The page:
(Phys.org) —A sensor for capturing the world in three dimensions is coming to the iPad. A Kickstarter project that launched on Tuesday seeks funds for its Structure Sensor, which is a portable sensor that clamps on to the back of the iPad for 3D on the go. The device, says its creators at Occipital, is the first 3D sensor designed to work with mobile devices. The device is to ship February. With Structure Sensor, the user can capture models of rooms or play augmented reality games. The creators gave it a mobile range that begins at 40 centimeters and stretches to over 3.5 meters. The device can capture anything, they said, from teddy bear to an entire room. Developers are encouraged to take advantage of Structure Sensor for building mobile applications that interact with the 3D geometry of the real world.
The iPad (4th generation) is officially supported and the plan is to officially support future iPad and iPad mini models with corresponding brackets once they are released. Developers would be building with Xcode, the Integrated Development Environment with Apple tools for developing software. The Structure Sensor is designed to work with the Apple Lightning connector. Once connected, the Structure's own infrared sensor and camera for depth perception go to work with the iPad.
Developers who do not work with Apple technologies are told that they can also try using Structure Sensor via a USB Hacker Cable, as the team built "hackability" in its DNA. As for the SDK kit, four screw holes on the bottom allow the non-Apple developers to mount to almost anything. The team is prepared to provide open CAD models for creating custom brackets. With the Hacker Cable one can connect to almost any platform that supports USB, according to the team. They are also prepared to provide open source drivers for multiple platforms including Windows, Android, OS X, and Linux.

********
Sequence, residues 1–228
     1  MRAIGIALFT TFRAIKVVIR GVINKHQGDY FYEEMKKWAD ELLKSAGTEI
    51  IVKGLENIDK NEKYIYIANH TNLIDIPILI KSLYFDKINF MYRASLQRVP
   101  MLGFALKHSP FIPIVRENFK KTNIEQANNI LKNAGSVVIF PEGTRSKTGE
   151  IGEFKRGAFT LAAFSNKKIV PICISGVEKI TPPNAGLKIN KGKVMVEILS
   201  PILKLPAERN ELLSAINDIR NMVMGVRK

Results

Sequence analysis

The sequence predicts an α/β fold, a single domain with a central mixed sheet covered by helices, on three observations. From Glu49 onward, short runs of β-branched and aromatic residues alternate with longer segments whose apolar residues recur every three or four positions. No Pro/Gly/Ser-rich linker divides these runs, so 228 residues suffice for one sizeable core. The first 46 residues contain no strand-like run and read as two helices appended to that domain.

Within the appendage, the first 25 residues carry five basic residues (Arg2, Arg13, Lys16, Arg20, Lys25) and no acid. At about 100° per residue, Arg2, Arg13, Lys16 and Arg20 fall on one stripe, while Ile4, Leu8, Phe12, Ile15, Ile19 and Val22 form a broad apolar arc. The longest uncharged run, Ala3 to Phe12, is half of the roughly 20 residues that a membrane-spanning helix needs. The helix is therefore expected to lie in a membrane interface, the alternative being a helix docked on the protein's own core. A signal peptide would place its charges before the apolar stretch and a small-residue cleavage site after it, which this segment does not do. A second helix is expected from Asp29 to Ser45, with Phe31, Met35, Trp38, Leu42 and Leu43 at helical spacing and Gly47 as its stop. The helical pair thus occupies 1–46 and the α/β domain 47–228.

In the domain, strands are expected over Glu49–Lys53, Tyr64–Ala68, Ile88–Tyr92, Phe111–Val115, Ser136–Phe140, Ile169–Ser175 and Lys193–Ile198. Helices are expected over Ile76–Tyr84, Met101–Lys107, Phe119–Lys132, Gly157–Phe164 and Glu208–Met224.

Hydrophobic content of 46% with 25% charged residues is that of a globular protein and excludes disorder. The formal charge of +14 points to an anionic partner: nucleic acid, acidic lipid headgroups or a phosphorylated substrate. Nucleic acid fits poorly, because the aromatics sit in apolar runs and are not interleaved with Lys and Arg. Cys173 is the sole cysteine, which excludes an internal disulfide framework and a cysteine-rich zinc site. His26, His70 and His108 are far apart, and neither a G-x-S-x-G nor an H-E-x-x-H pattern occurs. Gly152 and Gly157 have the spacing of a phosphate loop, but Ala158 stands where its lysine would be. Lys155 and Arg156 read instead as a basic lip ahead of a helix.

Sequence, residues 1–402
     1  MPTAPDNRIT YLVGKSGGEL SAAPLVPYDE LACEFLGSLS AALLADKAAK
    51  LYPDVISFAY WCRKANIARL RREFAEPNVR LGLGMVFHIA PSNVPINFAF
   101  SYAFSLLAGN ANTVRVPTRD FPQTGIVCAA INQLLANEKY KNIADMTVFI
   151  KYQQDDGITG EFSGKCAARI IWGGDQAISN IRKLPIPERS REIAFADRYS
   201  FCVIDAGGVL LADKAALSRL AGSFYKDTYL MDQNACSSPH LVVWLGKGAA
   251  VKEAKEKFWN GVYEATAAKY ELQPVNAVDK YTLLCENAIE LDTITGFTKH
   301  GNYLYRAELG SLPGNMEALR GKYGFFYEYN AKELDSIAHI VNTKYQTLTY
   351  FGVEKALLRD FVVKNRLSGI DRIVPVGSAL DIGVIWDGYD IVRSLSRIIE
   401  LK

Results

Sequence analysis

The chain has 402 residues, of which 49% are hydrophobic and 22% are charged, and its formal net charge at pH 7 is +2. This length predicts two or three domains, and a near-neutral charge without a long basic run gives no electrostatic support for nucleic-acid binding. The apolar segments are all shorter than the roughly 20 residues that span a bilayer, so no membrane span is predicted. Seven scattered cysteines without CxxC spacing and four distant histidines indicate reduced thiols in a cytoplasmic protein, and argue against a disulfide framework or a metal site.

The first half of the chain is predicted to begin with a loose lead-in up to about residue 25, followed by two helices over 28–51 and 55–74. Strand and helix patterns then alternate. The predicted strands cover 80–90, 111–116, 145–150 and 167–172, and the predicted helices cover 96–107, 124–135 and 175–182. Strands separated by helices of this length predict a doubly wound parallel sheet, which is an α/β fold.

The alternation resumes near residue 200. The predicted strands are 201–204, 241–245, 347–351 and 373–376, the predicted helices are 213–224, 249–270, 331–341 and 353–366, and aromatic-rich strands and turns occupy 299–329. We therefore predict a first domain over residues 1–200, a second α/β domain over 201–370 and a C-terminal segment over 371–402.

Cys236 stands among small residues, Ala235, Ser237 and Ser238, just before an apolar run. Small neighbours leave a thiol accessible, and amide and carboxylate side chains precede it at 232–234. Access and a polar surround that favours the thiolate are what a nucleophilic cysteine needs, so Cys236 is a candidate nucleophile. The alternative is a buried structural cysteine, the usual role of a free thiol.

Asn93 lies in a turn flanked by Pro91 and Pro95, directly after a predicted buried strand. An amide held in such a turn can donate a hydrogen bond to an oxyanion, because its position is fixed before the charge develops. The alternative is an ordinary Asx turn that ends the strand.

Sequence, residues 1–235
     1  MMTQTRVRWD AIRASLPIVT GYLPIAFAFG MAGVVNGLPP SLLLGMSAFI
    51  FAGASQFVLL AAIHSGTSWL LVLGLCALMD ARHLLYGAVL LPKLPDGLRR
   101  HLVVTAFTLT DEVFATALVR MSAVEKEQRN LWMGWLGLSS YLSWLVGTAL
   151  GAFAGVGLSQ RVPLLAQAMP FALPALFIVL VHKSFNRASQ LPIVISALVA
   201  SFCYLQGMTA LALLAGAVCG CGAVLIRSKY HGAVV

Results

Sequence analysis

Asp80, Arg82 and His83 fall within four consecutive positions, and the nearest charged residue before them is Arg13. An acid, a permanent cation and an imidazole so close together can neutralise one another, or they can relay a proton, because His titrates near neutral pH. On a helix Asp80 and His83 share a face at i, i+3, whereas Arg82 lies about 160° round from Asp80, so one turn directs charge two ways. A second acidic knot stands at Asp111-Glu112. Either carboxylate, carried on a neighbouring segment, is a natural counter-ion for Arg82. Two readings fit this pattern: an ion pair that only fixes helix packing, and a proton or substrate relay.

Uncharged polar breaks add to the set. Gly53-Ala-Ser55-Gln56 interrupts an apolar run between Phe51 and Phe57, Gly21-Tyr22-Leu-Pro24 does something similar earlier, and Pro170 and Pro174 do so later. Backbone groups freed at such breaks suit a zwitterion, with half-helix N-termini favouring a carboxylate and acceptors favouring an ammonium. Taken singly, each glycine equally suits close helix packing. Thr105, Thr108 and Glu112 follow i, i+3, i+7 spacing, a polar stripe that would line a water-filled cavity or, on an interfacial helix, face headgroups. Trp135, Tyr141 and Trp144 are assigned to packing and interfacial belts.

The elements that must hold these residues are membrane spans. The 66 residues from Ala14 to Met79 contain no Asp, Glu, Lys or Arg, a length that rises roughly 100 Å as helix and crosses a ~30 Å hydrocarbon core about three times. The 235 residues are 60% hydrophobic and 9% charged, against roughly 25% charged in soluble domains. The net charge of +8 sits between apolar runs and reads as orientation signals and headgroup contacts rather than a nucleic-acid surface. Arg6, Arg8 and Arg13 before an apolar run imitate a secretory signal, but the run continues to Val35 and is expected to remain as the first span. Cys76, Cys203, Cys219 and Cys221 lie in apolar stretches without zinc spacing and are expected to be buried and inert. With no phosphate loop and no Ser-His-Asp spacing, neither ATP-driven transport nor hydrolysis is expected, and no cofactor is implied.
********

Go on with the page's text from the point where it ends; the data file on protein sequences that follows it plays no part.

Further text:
The aluminum Structure Sensor is available in: Ice Blue and Silver; the choice of aluminum allows for a thermal core that keeps the precision optics inside at an optimal temperature. The chemically hardened glass surface at the top, says the team, optimizes the depth image quality while protecting the infrared emitter and camera inside.
The device has its own onboard power supply that provides up to four hours of active use.
Included demo applications for funders of the Structure Sensor include a 3D scanning app, an interior mapping app, and a virtual pet app that can move around and behind real-world objects. The object scanner allows for the capture of models of objects which the user can export to CAD software or for 3D printing, and one can also upload models directly to Shapeways.com for 3D printing. The room-capture app, "Fetch," where a virtual pet can play fetch with the user in the real world environment and "Ball Physics," where virtual balls can interact with real-world geometry, round out the package.
Occipital, the company behind Structure Sensor, is a 13-person startup based in Boulder, Colorado and San Francisco. Though already an established business that specializes in computer vision applications for mobile platforms, the team advantage in taking the crowdfunding route is that the team is to get sensors into the hands of early adopters and developers as soon as possible, They look forward to building "buzz among developers" and assessing demand.
At the time of this writing, it is clear that building buzz should be no problem. They already have sped past their $100,000 goal with pledges of $235,154 and 44 days still left to go. The $329 earlybird special-offer items are now all gone and the next price up is $349 for a device with "everything you need to use and develop with an iPad" plus a choice of iPad bracket, with estimated delivery of February.
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More information: www.kickstarter.com/projects/o… ture-the-world-in-3d